Sverm-Resonans is an interactive installation developed for the Ultima Contemporary Music Festival in Oslo which features 6 suspended guitars, each fitted with an actuator, distance sensor and a Bela.
This installation is an exploration of human micromovement and musical microsound that gives its audience access to heightened sensations of stillness, sound and vibration.
Unlike traditional instruments, these guitars are played by the audience member trying to hold their body still in front of the hanging instrument: the minute movements of their body interact with the electronic system that attaches to the physical body of the acoustic instrument. Sverm-Resonans explores the meeting points between the micromovement of the audience member and that of the instrument, between the body and the mind, and between motion, stillness and sound. Audience members are encouraged to place their hands on the instrument and to try and focus on their weight resting on the instrument – the tactile, kinaesthetic, and aural experience of the their body in contact with the resonating body of the guitar.
“Stand still. Listen. Locate the sound. Move. Stand still. Listen. Hear the tension. Feel your movements. Relax. Stand stiller. Listen deeper. Feel the boundary between the known and the unknown, the controllable and the uncontrollable. How does the body meet the sound? How does the sound meet the body? What do you hear?”
The technical setup of Sverm-Resonans is focused on the meeting point between digital and acoustic sound making. This was achieved by equipping each guitar with a Bela board, an infrared distance sensor, an actuator, and a battery pack. There are no external speakers, with all the sound being generated by the actuator vibrating the body of the acoustic guitar.
Each of the guitars produce a slowly pulsing sound - based on an additive synthesis with a slight randomness on the sine tones - that breathes and gives life to the soundscape. The guitars were instrumented with an infrared sensor that detects the presence of a person standing in front, and which inversely controls the amplitude of a pulsating noise signal. That is, the longer you stand still, the more sound you will get. This proximity sensor has an analog output that varies from 2.8V at 15cm to 0.4V at 150cm and requires a supply voltage between 4.5 and 5.5VDC provided by the Bela through its P9-7 pin. The sensor output is connected to the Bela’s analog input and is sonified.
The system was designed so that a person has to stand in front of the guitar (detected by the sensor) for some time before it starts producing sound. The limited horizontal range of the sensor further restricts the motion of the person standing in front, creating the sensation of needing to standstill in order to fully interact with the system.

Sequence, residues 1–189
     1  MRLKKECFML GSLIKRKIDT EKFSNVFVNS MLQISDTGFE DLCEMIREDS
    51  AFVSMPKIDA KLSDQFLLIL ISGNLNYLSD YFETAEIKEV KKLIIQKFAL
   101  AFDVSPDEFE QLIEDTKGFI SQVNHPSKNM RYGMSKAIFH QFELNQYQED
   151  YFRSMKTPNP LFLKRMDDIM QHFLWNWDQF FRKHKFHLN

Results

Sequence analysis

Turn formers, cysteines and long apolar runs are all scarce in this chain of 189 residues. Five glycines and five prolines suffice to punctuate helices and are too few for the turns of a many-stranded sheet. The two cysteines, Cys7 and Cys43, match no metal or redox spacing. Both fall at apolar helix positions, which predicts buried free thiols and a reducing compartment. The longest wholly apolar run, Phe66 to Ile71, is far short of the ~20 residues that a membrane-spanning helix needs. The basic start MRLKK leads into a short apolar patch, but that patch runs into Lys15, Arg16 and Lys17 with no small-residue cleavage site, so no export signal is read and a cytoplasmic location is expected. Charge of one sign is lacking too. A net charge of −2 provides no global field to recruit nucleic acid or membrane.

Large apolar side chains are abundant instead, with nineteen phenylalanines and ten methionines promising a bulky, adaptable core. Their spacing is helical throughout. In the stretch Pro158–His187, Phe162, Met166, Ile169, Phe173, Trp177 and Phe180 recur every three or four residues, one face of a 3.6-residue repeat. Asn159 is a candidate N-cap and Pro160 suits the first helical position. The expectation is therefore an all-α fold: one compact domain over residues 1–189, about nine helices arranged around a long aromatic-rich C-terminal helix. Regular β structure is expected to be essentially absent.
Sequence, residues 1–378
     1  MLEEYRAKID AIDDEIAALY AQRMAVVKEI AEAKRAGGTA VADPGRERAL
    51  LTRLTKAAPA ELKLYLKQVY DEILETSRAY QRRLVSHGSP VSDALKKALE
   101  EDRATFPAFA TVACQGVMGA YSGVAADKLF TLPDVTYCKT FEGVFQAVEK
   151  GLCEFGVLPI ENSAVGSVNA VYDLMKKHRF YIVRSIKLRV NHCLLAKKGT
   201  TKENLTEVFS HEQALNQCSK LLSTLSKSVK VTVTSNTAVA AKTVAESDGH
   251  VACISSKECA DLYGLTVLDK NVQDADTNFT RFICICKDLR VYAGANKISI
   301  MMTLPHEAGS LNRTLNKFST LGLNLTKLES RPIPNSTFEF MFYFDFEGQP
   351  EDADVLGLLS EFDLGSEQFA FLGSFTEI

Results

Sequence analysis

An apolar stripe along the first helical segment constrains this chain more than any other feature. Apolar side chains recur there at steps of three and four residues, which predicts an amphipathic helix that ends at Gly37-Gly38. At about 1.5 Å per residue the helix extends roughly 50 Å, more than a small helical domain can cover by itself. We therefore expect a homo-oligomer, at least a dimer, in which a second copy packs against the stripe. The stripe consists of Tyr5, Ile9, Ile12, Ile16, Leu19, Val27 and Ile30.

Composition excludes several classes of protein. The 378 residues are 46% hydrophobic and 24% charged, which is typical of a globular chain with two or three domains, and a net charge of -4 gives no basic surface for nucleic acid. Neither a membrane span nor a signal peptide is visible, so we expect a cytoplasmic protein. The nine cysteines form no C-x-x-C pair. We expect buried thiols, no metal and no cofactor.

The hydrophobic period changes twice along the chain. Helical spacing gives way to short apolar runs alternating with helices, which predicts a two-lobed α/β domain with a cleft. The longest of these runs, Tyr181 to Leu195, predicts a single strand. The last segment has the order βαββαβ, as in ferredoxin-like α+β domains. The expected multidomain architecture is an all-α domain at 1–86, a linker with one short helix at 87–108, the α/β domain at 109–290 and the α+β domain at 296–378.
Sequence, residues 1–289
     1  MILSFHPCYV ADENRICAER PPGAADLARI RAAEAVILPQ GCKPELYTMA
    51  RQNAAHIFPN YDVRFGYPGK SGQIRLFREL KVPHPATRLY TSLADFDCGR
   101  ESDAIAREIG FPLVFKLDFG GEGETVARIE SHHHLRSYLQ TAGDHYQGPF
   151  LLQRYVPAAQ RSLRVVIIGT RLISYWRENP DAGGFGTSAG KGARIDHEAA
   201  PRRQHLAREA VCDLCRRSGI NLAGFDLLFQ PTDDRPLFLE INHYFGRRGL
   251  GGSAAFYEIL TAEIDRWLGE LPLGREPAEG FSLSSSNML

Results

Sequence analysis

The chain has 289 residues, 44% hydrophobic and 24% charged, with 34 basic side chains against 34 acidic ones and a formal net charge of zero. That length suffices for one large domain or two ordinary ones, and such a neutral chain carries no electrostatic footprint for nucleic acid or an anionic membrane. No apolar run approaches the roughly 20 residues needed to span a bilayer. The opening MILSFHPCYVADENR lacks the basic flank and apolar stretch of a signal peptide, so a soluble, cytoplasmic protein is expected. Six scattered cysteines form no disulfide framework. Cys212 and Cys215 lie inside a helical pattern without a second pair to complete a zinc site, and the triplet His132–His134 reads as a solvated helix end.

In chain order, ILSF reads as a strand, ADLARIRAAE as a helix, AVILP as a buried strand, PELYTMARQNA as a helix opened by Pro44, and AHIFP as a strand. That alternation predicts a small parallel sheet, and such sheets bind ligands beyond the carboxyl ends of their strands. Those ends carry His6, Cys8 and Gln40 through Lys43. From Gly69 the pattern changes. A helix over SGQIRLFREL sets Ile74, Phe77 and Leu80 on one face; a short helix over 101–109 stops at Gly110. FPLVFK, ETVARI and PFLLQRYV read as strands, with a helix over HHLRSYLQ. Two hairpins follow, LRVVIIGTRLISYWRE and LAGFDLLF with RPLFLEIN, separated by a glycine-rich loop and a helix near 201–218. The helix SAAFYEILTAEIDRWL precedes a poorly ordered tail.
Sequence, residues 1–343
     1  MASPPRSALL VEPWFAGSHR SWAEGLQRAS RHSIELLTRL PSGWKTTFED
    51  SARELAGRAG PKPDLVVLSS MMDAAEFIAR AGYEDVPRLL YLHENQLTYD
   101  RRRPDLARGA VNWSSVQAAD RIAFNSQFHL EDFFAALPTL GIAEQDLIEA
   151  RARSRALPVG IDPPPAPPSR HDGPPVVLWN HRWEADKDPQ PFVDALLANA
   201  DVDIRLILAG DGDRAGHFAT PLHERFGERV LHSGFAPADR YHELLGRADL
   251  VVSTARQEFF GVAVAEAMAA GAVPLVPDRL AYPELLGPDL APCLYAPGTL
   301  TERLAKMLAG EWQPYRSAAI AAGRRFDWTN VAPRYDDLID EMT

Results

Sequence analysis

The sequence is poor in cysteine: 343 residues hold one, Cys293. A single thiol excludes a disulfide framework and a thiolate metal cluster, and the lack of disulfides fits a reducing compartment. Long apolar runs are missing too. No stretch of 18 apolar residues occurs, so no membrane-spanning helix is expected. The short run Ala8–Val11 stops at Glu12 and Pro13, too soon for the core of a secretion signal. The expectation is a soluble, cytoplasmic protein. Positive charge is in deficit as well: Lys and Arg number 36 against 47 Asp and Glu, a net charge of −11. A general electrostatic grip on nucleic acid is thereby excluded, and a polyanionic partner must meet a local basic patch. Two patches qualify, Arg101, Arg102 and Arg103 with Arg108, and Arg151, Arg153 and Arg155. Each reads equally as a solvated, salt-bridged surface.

Pure Data was used for the sound design. The installation patch running from the Bela had two layers of sound, one pulsating ‘drone’ that was present all the time and an inversely controlled ‘breathing’ sound that the users would interact with. The ‘drone’ was programmed with a simple additive synthesis, modulated through a low frequency oscillator, giving the drone a relaxed and pulsating feel. The second layer of sound was programmed with a noise generator modulated with a low frequency oscillator resembling breathing. This sound was controlled inversely with an amplitude ramp that started when the sensor detected a person standing still. The maximum sound level would be reached after one minute of standstill.
The installation was running for a week during the Ultima Contemporary Music Festival. A number of people passed by, and approximately 200 people interacted with the guitars.
“This project allowed the exploration of both technological and artistic concepts, with a clean, fast, and efficient setup made possible through the Bela platform. Unlike our early prototypes that used laptops and amplifiers with wired connections, we were now able to assemble completely independent, lightweight, and battery-powered augmented guitars that worked flawlessly during a week in a professional installation context.”
The installation was created by Alexander Refsum Jensenius, Kari Anne Vadstensvik Bjerkestrand, Victoria Johnson, Victor Gonzalez Sanchez, Agata Zelechowska, and Charles Martin. The group have submitted a paper to the New Interfaces for Musical Expression (NIME) conference this year, where they hope to present the project. The installation is the result of the ongoing art/science research projects Sverm, MICRO and AAAI, three projects which in different ways explore human micromotion and musical microsound. Supported by University of Oslo, Research Council of Norway, Arts Council Norway, The Fund for Performing Artists, The Audio and Visual Fund, and The Nordic Culture Fund.